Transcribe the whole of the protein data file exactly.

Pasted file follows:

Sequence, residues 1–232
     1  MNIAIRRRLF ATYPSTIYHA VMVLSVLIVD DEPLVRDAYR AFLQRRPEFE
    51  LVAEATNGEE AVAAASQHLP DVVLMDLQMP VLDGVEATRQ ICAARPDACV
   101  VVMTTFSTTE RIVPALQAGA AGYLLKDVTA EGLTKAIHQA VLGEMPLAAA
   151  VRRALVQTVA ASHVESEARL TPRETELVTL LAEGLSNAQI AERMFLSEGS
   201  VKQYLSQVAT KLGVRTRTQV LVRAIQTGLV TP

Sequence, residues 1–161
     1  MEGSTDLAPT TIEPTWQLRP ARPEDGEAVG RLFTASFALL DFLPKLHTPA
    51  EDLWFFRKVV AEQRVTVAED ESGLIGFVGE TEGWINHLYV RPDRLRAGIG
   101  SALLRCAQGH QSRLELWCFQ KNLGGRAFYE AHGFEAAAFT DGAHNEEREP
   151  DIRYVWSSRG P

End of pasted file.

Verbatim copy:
Sequence, residues 1–232
     1  MNIAIRRRLF ATYPSTIYHA VMVLSVLIVD DEPLVRDAYR AFLQRRPEFE
    51  LVAEATNGEE AVAAASQHLP DVVLMDLQMP VLDGVEATRQ ICAARPDACV
   101  VVMTTFSTTE RIVPALQAGA AGYLLKDVTA EGLTKAIHQA VLGEMPLAAA
   151  VRRALVQTVA ASHVESEARL TPRETELVTL LAEGLSNAQI AERMFLSEGS
   201  VKQYLSQVAT KLGVRTRTQV LVRAIQTGLV TP

Sequence, residues 1–161
     1  MEGSTDLAPT TIEPTWQLRP ARPEDGEAVG RLFTASFALL DFLPKLHTPA
    51  EDLWFFRKVV AEQRVTVAED ESGLIGFVGE TEGWINHLYV RPDRLRAGIG
   101  SALLRCAQGH QSRLELWCFQ KNLGGRAFYE AHGFEAAAFT DGAHNEEREP
   151  DIRYVWSSRG P